Thursday, March 19, 2015

What's a Franchise?

To bring you these dynamic and timely posts I read an encyclopedic amount of info ... Not. Really I just use Google Alerts and then make up the rest.

But it struck me when reviewing Google Alerts last Friday why people may be confused about what a franchise is -- here are the headlines (not making up this part):
  • Friday the 13th Part III: How an '80s horror franchise bet it all on 3-D
  • Kyrie carries Cavs with franchise-record 57-point effort
  • How a Love of Nature Became a Thriving Franchise 
  • Frozen 2 the Tip of Disney's Film Franchise Iceberg
  • CBS '48 Hours' franchise on lookout for cold cases
  • Is Robert Pattinson 'Underrated'? David Cronenberg SLAMS 'Twilight' Franchise 'Silliness'
The term is so widely used in various contexts that it is no wonder entrepreneurs are confused. (Just check the Franchise News feed to the right on this site powered by Google Alerts) However, buyers and sellers of business ventures do need to distinguish between legally-regulated "franchises" (and "business opportunity plans") AND the Twilight Franchise.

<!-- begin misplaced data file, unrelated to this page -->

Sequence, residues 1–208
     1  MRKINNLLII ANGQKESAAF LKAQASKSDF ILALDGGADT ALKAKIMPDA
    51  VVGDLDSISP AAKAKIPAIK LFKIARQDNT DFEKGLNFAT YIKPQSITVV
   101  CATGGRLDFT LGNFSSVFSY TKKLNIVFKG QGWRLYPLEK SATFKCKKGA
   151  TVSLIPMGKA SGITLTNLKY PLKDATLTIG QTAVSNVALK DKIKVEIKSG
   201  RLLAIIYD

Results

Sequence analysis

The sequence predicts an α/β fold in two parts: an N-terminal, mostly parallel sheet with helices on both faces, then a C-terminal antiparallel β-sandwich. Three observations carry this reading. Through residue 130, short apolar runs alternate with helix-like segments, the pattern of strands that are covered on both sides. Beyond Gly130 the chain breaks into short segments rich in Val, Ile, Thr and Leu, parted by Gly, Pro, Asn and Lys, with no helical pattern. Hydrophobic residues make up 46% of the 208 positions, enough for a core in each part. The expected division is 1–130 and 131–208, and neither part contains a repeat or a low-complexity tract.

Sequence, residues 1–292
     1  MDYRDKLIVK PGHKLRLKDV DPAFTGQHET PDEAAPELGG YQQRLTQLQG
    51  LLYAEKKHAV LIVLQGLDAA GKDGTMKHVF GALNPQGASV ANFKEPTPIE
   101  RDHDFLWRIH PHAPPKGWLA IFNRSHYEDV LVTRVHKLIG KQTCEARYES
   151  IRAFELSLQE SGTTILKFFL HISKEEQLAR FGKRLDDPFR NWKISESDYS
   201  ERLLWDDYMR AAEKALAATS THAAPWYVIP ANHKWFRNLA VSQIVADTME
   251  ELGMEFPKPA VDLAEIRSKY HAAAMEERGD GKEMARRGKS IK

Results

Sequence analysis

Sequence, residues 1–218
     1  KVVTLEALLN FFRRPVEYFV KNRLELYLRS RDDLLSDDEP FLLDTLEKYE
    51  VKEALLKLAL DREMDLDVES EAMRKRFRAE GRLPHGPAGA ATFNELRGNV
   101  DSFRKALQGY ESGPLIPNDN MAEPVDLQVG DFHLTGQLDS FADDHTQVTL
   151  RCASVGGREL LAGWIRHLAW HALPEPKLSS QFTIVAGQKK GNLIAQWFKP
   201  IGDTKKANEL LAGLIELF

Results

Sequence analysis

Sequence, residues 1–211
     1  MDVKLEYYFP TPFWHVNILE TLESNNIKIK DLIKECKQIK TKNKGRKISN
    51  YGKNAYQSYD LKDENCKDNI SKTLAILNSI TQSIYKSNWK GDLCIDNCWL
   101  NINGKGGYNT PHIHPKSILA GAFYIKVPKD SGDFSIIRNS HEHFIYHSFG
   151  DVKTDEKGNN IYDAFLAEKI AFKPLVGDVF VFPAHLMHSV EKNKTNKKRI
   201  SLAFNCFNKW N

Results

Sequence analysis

As I mentioned in earlier posts (Let's Just Sell Licenses!): In today’s “start your own business”-“business opportunity”-“franchise”-“license” “distribution”-world, it is very difficult to offer a program that, legally speaking, is not considered a “franchise.” Otherwise you are likely operating from inside the Twilight Franchise or perhaps the Twilight Zone.

We will not attempt to explore here all the possible scenarios or definitions of “franchises” and “business opportunities” but suffice it to say that if (1) you charge an upfront fee, (2) offer any type of assistance (educational, marketing, accounts, equipment/inventory acquisition) in helping someone start a new business that you happen know a little something about and, (3) simply tell them that there is a market for this stuff or make any other representation that generally persuades people to follow your successful lead – you may have just sold a regulated business venture or franchise without the proper disclosure information. 

So tread lightly - whether you are buying or selling a business concept.

Jim Meaney is a lawyer with the Zaino Law Group in Columbus, Ohio. Jim has represented franchisors and franchisees for 30 years. Jim is a co-author of “Starting a Franchise System: Practical Considerations, Planning and Development” and author of How to Buy a Franchise
Visit or for more information or contact Jim directly at 614.975.9876 or

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